What we're losing in James Comey

First, Mr. Comey is without subtext. He’s the only truly subtextless man I’ve met working in senior levels of government in Washington. If you want to know why he’s doing something, you just ask him — in an open congressional hearing, in a news conference, in the Q. and A. at a speech at a college. If it’s appropriate to talk about it, he’ll tell you. He doesn’t lie. He doesn’t answer cagily. And, remarkably for a Washington figure, he explains his thinking. He answers questions about it. He releases documents…

Second, Mr. Comey has an unfailing instinct to fall on every grenade. This is a highly unusual trait in Washington, a town where lots of people dodge responsibility for everything. Bill Clinton has a private meeting on a plane with the attorney general? Mr. Comey will step up to conclude and disclose the investigation into Mrs. Clinton’s emails. New information comes to light right before an election? Mr. Comey will take the heat for informing Congress.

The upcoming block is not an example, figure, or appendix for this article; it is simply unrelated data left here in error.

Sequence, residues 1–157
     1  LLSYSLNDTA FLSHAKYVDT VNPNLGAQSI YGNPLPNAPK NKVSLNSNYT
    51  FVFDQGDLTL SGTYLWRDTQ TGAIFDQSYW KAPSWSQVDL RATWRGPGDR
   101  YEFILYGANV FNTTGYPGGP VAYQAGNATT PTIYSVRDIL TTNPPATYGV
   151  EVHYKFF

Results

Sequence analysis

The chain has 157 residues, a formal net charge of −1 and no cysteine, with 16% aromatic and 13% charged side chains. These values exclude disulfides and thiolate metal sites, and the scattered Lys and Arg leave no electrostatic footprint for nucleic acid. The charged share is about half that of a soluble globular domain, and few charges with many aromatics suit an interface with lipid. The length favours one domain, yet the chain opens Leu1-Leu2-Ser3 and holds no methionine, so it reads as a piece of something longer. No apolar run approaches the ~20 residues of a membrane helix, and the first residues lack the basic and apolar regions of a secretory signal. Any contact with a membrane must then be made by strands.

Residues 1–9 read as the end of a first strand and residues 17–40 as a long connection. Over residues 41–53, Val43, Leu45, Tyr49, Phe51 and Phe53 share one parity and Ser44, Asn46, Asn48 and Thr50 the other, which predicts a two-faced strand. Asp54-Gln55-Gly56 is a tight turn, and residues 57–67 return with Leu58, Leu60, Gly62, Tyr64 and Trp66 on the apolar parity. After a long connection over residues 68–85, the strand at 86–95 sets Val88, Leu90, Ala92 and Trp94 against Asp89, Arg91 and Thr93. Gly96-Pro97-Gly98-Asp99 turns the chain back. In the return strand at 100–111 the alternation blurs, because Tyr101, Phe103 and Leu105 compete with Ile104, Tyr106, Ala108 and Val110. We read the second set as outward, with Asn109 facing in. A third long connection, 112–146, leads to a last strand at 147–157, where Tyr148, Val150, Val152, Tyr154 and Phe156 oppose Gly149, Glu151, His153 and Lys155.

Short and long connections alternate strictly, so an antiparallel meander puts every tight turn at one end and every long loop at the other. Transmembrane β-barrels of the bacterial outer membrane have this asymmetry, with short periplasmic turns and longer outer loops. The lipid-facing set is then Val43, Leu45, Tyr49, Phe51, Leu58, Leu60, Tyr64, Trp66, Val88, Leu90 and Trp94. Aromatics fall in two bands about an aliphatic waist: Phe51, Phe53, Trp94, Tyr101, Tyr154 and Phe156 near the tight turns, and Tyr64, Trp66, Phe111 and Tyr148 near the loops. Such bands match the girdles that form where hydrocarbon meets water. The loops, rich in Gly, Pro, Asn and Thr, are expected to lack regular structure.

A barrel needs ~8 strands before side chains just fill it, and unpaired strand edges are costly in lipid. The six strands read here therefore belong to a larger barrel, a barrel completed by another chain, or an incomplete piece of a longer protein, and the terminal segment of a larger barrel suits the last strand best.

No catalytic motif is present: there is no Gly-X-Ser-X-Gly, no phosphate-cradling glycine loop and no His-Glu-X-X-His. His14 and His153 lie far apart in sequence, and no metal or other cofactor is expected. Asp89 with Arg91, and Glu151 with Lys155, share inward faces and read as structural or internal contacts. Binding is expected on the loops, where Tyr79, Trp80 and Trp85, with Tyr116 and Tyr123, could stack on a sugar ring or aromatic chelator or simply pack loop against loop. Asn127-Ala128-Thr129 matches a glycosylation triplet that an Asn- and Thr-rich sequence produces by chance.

Some people may frame this instinct negatively, as showboating or preening or overstepping. Others may frame it positively, as taking responsibility. But it’s clearly a rare instinct in Washington. When one person has an instinct to fall on grenades and everyone else has an instinct to flee from them, it’s not surprising when that one person ends up dealing with all the explosives.

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